Over four million UK households say they are more likely to seek out second-hand school gear this year, as the cost-of-living crisis sees new school items sky-rocket in price.
According to a new report, two thirds (62%) of Mums and Dads say they are worried about how they will afford the costs that come with the new school year and many will be seeking out pre-loved items from charities or free-sharing platforms.
A third of parents (31%) said they already use pre-owned platforms to find back-to-school items for their children, and over half (57%) said they are now much more likely to give away their unwanted items on free-sharing platforms in a bid to help out others.
However – despite the good intentions of many parents – the data, which was commissioned by the UK’s number one free-sharing app OLIO, also revealed that parents are still throwing away an average of 13 school items each year, despite them being perfectly useable.
Tessa Clarke, co-founder and CEO of OLIO, is asking parents to think twice when they do their back-to-school clear-out and consider how they can help others by sharing their spare: “We know that everyone is feeling the pinch and understandably many parents are worried about funding the costly back-to-school period. But when you think about the amount of perfectly good items that are being thrown away and replaced each year, it just doesn’t make sense. If more people shared their spare items with others, we could avoid so much unnecessary spending and waste.”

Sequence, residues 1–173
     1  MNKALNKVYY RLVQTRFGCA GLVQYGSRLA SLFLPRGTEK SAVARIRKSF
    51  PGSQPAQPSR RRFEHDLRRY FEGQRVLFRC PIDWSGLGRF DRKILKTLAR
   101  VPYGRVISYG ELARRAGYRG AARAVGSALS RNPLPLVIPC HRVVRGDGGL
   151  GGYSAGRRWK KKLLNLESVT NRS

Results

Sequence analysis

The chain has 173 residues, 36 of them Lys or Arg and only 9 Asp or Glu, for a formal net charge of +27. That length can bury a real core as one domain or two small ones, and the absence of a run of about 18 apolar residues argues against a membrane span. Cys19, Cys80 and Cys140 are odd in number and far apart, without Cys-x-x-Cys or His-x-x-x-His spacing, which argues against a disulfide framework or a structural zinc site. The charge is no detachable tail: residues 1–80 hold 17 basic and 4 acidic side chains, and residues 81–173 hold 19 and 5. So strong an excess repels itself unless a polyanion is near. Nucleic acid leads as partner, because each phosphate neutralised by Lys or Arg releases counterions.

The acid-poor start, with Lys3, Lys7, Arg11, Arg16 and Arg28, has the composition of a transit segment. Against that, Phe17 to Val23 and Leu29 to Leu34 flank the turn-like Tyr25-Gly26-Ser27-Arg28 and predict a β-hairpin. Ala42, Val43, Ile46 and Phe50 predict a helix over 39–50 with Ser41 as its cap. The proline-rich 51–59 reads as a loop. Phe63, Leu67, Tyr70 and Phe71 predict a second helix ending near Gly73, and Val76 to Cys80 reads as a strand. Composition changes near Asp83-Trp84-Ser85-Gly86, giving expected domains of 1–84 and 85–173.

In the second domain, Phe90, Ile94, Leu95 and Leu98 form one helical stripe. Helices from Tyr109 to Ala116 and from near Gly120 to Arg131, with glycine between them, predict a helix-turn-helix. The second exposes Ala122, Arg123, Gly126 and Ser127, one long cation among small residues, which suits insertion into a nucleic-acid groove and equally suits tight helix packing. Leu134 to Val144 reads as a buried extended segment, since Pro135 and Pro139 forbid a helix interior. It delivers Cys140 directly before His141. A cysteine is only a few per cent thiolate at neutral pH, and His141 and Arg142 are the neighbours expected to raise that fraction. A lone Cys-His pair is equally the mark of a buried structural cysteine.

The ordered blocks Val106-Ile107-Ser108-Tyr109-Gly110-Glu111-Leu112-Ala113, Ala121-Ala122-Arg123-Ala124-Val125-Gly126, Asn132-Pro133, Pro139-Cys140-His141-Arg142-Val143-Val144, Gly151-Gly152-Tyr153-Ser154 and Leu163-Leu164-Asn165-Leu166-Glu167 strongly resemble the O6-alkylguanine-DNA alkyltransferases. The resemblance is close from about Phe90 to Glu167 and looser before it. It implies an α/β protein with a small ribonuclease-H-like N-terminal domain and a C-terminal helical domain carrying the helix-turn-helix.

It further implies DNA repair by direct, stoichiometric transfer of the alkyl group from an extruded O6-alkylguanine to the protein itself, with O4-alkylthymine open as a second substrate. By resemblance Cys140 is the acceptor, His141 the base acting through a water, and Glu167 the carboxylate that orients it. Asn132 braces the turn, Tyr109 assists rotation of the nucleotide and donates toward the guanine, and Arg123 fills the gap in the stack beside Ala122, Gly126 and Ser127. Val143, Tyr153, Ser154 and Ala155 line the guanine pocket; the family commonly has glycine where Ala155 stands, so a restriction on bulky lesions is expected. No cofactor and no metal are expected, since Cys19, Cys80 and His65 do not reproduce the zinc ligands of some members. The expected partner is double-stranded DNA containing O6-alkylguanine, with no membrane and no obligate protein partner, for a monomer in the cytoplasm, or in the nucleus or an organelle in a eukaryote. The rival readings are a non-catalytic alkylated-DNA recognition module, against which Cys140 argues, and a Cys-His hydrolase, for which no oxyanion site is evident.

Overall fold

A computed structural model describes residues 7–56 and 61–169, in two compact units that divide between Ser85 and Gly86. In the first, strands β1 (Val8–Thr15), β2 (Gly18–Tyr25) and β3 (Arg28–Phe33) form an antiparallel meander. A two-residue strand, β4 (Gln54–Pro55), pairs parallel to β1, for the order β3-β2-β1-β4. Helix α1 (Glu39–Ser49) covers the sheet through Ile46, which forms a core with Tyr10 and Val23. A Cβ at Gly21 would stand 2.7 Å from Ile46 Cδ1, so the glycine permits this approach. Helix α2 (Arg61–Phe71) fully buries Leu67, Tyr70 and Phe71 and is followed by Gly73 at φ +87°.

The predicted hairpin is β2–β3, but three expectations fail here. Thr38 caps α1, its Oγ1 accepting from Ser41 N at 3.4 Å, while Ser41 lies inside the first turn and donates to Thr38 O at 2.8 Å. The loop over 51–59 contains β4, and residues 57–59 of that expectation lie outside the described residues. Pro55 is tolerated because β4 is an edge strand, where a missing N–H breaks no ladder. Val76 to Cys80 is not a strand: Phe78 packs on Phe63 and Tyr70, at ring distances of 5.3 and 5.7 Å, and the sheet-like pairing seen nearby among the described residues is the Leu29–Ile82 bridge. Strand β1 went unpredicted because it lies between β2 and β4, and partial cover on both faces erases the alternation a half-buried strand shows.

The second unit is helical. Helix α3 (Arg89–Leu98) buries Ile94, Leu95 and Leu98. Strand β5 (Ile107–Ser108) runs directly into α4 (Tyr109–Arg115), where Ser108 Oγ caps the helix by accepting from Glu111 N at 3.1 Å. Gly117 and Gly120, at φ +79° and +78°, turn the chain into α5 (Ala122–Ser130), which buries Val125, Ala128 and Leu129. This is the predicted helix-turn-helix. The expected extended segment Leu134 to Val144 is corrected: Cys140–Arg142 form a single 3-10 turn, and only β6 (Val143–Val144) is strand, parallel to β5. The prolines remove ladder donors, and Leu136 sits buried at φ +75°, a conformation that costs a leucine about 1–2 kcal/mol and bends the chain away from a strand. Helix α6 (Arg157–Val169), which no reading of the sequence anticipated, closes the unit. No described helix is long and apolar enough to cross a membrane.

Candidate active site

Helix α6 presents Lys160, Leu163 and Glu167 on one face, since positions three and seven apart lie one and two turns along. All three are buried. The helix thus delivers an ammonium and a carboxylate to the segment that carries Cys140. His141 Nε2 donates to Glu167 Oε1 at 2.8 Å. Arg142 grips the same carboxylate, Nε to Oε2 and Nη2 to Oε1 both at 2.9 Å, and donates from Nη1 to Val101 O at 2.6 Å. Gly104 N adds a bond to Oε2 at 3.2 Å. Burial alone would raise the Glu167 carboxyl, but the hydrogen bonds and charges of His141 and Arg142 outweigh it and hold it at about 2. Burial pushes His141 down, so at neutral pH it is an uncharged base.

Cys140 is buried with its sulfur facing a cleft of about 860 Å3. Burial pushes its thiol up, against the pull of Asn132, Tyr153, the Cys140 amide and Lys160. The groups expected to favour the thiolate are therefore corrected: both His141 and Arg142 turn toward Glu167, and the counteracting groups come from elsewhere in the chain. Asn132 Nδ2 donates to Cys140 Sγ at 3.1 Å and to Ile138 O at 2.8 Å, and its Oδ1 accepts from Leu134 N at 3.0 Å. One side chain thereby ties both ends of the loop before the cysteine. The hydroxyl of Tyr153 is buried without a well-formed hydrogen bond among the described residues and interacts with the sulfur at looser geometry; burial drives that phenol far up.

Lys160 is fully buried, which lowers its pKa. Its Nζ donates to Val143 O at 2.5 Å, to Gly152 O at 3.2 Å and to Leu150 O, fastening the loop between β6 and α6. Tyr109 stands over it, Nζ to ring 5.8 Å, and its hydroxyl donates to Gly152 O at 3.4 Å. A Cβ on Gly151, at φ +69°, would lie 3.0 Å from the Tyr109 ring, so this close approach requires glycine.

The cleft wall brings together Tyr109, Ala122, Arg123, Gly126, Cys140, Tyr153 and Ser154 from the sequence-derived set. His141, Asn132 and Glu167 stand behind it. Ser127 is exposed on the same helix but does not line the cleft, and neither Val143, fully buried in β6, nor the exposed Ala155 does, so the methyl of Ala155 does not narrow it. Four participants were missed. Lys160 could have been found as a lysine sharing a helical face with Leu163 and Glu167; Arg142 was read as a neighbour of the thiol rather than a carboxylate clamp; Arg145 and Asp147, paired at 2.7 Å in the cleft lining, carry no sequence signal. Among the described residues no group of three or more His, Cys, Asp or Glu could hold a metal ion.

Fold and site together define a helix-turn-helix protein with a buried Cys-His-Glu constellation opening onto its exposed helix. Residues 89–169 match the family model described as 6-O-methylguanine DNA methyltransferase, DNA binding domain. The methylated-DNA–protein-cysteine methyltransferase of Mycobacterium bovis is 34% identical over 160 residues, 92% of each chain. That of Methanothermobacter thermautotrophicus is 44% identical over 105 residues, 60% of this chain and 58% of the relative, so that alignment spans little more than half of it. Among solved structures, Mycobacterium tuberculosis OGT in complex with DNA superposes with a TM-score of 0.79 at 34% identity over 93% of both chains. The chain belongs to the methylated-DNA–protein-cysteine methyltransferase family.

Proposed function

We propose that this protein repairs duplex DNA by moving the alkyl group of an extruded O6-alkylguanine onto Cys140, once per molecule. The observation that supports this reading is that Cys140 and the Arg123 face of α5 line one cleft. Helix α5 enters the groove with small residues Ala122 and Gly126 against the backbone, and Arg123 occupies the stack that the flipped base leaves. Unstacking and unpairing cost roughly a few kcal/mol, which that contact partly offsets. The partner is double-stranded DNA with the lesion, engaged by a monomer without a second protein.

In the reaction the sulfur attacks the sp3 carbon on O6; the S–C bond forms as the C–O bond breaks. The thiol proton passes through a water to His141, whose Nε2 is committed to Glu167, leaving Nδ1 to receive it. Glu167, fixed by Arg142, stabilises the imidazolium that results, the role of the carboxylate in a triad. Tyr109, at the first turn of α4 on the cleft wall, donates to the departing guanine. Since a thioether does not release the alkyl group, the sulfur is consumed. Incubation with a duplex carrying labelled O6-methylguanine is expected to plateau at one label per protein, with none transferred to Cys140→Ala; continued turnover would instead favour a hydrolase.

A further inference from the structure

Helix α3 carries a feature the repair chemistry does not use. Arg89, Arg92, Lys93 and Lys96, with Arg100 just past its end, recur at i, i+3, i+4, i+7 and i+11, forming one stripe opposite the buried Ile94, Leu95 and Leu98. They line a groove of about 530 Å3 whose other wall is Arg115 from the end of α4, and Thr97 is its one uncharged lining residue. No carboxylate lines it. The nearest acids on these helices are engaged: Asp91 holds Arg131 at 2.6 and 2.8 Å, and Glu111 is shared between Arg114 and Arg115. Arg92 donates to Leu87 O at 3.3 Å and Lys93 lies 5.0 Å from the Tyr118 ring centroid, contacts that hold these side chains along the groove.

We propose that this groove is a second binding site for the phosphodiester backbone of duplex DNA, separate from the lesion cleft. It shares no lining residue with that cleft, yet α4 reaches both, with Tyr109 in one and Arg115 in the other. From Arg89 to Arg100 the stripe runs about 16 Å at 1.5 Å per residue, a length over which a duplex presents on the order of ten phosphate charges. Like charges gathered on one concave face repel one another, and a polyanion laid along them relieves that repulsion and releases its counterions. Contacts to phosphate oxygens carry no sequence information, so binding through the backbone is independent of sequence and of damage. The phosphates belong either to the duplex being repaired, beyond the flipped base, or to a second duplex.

The cost of the new school year is anticipated to set families back almost £300 per child this year, yet parents admit they could probably save at least £205 of that by seeking out second-hand items instead of buying brand new.
The most commonly replaced items set to break the bank for Mum and Dad include new clothing such as school shoes (38%), shirts (36%), trousers (38%) and sports trainers (27%), and accessories such as new lunch boxes (40%), pens (31%) and notebooks (28%).
And it would seem that the current economic climate is encouraging more parents to think about how they can support others in their local community. Two in five parents (40%) say they will be giving away their unwanted school items, so others don’t have to spend a fortune. However, demand is currently far outstripping supply.
Tessa Clarke adds: “This back-to-school season, we are on a mission to get more people giving away instead of throwing away, and are calling on parents to share their unwanted kids’ items on the OLIO platform so they can reduce unnecessary waste and help others in their community. Starting today, we’re aiming to get 30,000 kids items listed over the next 30 days – and we need your help to get there.”